The full texts of the forum, from which all quotes in this article are drawn, can be accessed online in the -empyre- archives for June 2003 and will be additionally archived for posterity in the Rose Goldsen Archive of New Media Art at Cornell University. For a more comprehensive and detailed version, a freeware Reader with texts form both the offline lab3d symposium and the online forum -- co-edited by Taylor Nuttall and myself and co-produced by Cornerhouse and Folly -- will be available later in 2003 for web download or from participating organizations.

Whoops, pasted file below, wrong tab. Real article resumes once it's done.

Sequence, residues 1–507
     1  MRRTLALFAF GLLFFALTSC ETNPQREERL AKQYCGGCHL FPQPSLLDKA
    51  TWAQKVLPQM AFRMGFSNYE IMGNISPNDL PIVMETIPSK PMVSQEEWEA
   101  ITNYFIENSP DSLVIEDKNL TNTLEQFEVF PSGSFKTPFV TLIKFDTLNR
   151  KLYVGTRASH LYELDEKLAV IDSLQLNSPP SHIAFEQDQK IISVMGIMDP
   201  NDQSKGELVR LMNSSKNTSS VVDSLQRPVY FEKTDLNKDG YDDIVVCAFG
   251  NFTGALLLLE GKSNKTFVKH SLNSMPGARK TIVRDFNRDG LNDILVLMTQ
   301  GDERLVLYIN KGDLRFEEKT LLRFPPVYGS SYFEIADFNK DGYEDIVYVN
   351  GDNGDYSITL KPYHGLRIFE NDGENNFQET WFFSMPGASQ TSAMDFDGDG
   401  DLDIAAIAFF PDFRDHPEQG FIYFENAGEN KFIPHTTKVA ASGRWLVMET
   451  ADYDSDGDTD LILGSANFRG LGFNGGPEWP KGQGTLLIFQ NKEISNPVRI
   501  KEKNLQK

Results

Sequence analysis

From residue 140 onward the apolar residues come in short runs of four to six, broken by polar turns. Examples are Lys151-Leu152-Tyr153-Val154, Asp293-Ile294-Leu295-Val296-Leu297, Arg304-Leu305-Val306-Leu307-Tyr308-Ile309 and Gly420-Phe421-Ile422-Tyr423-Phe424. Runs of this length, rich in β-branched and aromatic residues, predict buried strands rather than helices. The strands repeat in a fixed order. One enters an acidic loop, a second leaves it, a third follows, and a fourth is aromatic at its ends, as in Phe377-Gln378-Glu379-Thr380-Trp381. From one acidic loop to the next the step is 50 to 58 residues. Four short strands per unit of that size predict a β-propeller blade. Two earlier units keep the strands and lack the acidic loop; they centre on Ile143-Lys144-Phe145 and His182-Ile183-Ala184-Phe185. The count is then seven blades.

lab3d uniquely brought together the often virtual platform of multi-user 3D game environments and the social spaces of 3D worlds, with the majority of the works being simultaneously accessed both online and in the gallery space. Utilizing multiuser 3D artworks and multi-user communication channels opened up multi-dimensional real-time dialogues involving both a local and global audience. Together, the show, symposiums, online forum, and reader represent the work, issues, and debates of a strong, networked 3D community and extend the practice, presentation, and language of 3D art.
Simon Biggs: Babel